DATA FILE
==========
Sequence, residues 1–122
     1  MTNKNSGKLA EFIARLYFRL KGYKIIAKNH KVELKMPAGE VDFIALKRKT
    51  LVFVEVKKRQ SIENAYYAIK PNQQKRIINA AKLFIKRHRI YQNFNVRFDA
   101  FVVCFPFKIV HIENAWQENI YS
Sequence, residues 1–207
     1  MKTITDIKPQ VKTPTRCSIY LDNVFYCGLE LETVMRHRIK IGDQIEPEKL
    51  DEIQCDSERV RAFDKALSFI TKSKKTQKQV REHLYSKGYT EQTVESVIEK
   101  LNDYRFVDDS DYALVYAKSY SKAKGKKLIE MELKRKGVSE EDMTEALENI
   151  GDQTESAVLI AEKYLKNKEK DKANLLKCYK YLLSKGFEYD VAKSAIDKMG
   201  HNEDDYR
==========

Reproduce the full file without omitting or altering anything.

Sequence, residues 1–122
     1  MTNKNSGKLA EFIARLYFRL KGYKIIAKNH KVELKMPAGE VDFIALKRKT
    51  LVFVEVKKRQ SIENAYYAIK PNQQKRIINA AKLFIKRHRI YQNFNVRFDA
   101  FVVCFPFKIV HIENAWQENI YS
Sequence, residues 1–207
     1  MKTITDIKPQ VKTPTRCSIY LDNVFYCGLE LETVMRHRIK IGDQIEPEKL
    51  DEIQCDSERV RAFDKALSFI TKSKKTQKQV REHLYSKGYT EQTVESVIEK
   101  LNDYRFVDDS DYALVYAKSY SKAKGKKLIE MELKRKGVSE EDMTEALENI
   151  GDQTESAVLI AEKYLKNKEK DKANLLKCYK YLLSKGFEYD VAKSAIDKMG
   201  HNEDDYR